Flavonoids are a class of compounds found in fruits, vegetables, seeds, and cereals, and some beverages that have antioxidant, anti-inflammatory, antimutagenic, and anticarcinogenic properties.1,2 In plants, flavonoids play an important role in multiple functions including pigments, attraction of pollinators, growth and development of seedlings, and protection against injury and microorganisms.1,2 Research has suggested that the molecular functions of flavonoids may also impart many health benefits to humans including modulating disease activity, mitigating antibiotic resistance, and downregulating inflammation.1 One area of such research is the potential effect of flavonoids on the risk of developing cancer.
Mechanisms of Anticancer Activity
The anticancer activity of flavonoids is related to their modulation of signal transduction pathways within cancer cells.3 As a result, flavonoids can inhibit cell proliferation, angiogenesis, and metastasis, while also promoting apoptosis.
The classes of flavonoids include isoflavones, flavones, flavonols, flavanones, anthocyanins, and chalcones—and compounds within the classes can have different anticancer properties.1,4 However, the majority of compounds promote apoptosis, induce cell cycle arrest, and promote cellular differentiation.
Dietary flavonoids may also improve treatment response.5 Multiple in vitro studies have shown that flavonoids can reverse treatment resistance. Multidrug resistance is a major challenge during cancer treatment. Although multidrug resistance can occur as a result of different mechanisms, the end result is that drug absorption is inhibited. Flavonoids have been found to target many of the underlying mechanisms that cause multidrug resistance, thus leading to its reversal.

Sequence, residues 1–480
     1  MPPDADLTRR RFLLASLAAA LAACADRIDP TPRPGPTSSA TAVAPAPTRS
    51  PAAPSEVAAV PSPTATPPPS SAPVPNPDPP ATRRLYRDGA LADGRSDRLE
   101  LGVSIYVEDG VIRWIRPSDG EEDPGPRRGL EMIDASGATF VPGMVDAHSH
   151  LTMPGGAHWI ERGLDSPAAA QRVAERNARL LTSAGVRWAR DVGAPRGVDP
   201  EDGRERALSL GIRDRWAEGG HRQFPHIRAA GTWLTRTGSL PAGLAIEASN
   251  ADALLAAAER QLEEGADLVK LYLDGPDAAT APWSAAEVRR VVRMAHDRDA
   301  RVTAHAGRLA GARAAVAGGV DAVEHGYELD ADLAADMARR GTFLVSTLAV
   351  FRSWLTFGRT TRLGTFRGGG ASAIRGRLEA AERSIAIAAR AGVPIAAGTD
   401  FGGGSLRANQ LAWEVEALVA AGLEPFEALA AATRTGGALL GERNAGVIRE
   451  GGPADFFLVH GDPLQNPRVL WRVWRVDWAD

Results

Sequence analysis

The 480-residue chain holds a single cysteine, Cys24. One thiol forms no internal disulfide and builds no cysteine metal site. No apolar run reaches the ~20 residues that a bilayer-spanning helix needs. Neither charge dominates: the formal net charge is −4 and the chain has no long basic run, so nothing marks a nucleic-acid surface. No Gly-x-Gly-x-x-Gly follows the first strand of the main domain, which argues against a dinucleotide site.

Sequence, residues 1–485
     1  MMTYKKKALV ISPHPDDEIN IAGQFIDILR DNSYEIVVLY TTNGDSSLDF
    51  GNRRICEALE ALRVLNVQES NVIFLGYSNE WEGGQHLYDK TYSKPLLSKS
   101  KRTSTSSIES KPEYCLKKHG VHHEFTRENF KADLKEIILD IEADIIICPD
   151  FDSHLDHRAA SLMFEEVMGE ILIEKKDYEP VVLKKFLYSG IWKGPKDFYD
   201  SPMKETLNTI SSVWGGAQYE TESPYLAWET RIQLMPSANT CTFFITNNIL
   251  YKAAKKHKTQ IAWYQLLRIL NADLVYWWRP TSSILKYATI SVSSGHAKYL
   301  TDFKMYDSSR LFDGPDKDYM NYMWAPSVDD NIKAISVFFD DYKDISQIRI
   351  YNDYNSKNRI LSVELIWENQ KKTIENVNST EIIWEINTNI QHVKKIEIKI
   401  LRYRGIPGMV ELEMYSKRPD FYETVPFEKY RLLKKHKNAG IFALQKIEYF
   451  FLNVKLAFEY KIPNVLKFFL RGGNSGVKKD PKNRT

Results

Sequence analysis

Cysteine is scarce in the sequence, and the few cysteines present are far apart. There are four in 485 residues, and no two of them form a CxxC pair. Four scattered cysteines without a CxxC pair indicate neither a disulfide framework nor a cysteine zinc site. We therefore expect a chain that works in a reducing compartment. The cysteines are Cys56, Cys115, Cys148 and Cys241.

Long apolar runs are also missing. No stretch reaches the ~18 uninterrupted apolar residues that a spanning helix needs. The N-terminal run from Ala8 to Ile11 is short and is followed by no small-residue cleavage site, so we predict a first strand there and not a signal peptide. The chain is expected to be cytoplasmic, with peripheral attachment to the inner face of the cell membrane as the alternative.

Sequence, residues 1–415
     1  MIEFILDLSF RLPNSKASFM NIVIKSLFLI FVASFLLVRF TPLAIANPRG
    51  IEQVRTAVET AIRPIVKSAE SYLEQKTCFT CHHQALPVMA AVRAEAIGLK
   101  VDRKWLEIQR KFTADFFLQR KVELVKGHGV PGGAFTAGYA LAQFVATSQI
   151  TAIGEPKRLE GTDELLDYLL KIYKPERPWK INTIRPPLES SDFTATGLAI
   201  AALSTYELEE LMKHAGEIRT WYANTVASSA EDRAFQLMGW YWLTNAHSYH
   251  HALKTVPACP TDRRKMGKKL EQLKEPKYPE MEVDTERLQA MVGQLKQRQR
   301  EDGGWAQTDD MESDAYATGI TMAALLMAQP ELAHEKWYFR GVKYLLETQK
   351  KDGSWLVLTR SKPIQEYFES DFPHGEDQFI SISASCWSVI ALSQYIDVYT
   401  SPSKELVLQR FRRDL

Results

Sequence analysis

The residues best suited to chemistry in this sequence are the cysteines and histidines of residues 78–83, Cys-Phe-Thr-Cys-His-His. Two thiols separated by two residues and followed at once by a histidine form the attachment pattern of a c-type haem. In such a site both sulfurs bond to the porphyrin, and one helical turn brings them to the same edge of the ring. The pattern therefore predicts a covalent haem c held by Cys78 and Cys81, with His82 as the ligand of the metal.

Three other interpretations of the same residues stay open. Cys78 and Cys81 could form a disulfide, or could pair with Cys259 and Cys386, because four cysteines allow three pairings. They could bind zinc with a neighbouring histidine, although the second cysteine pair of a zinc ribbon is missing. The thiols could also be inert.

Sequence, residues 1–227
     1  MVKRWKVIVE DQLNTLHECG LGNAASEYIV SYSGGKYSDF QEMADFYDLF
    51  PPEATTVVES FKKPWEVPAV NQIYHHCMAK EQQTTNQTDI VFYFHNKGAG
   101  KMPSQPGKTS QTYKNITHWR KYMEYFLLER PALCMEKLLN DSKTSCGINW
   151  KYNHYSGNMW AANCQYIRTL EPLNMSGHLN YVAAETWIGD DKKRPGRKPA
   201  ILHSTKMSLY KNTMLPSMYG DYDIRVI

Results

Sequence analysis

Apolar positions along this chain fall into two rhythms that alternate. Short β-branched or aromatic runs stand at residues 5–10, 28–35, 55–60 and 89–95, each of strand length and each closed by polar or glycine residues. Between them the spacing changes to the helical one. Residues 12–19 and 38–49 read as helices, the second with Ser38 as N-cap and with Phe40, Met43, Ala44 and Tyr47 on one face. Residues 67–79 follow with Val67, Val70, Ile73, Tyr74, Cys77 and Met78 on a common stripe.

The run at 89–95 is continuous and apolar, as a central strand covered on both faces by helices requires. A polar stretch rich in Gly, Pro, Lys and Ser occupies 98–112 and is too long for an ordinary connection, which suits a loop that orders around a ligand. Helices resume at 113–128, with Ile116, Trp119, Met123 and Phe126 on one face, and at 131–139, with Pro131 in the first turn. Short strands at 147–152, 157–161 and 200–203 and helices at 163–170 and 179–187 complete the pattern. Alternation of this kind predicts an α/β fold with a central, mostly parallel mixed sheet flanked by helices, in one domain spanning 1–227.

Reducing Cancer Risk
Epidemiological studies have evaluated whether dietary intake of flavonoids can reduce the risk of developing different cancers. For example, meta-analyses of observational cohort and case-control studies suggest that high intake of dietary flavonoids can reduce the risk of aerodigestive tract cancers, breast cancer, ovarian cancer, esophageal cancer, and colorectal cancer.6-10 These studies provide indirect evidence for a potential association, and are hypothesis-generating, but do not establish causality.